With over 20 years of experience in digital textile printing through its subsidiary Epson Como s.r.l, and through development in both sublimation and direct to garment printing in the last decade, Epson’s inkjet technology has been at the forefront of the digital printing transformation in the textile market. This presentation will provide an update regarding Epson’s latest Precision Core printhead technology, as well as explaining the benefits already seen from a sustainability viewpoint, whether in terms of the environment around Como, or in terms of the enabling role Epson technology plays for the current reshoring trend. In conjunction with Epson’s wider business philosophy, we will also make some assessment as to how other technologies may be brought into use to improve sustainability in textile printing in the near future.
Duncan Ferguson, Epson
HOW CAN INKJET PRINTING HAVE AN IMPACT ON REACHING OUR SUSTAINABLE GOALS
The textile industry is one of the biggest industries in the world. The production of textiles has continuously shifted to places which are cheap in terms of production costs, while the brand owners are based and headquartered somewhere else. In those countries, where most of our textiles are produced, the regulations for a clean, safe and healthy production are not on the same level as we have them here in Europe. Furthermore, there is a lot of clean water needed to obtain a nice-looking garment, while the source of fresh water in those countries is very limited as well. Druckprozess has dedicated a lot of effort to answer the question of how can a disruptive technology like inkjet tackle those circumstances. There are two answers, one for the decorative printing and one for the chemical treatment of fabrics.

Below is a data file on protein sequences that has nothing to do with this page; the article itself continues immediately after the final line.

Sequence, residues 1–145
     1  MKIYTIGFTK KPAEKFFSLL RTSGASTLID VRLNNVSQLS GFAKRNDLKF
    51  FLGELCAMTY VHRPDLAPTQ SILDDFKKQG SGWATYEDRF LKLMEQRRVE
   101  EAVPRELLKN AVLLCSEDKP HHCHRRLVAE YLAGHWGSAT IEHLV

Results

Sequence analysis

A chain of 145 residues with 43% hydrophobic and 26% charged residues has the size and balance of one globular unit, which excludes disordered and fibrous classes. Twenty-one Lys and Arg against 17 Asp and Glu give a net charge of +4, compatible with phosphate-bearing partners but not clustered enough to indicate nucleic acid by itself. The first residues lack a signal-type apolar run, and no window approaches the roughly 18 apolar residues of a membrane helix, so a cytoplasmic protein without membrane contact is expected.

Jan Baden, Druckprozess
UNDERSTANDING TEXTILE INKJET INKS AND FACTORS INFLUENCING THE JETTING BEHAVIOUR
Fundamental understanding of ink chemistry, formulations and influence of individual components and ink as-a-whole on dynamic flow behaviour in-channel, nozzle, in-flight and on-substrate during printing is vital to control print quality (drop ejection characteristic, reliability) and further advances in the capability of inkjet technology. We will discuss recent advances in inkjet ink chemistry and physics and will provide an overview of textile inkjet inks, how and where individual ink components influence the jetting behaviour during printing. Physical properties alone are no guide to ink jetting performance. Small variations in ink viscoelasticity influences upstream flow dynamics and jet break-up mechanism downstream. We will present bespoke extreme rheological tool TriPAV & TriMaster capable of quantifying complex fluid rheology of low viscosity textile inkjet inks at conditions similar to those during inkjet printing. This provides useful tools to differentiate between apparently identical inks but that show different jetting behaviour. This is often the case, where ink batch variations or minor formulation alteration causes different jetting behaviour and influence print reliability. Understanding the influence of these dynamic properties of inkjet inks will aid formulating and fine-tuning reliable high viscosity inkjet inks and speed up waveform development.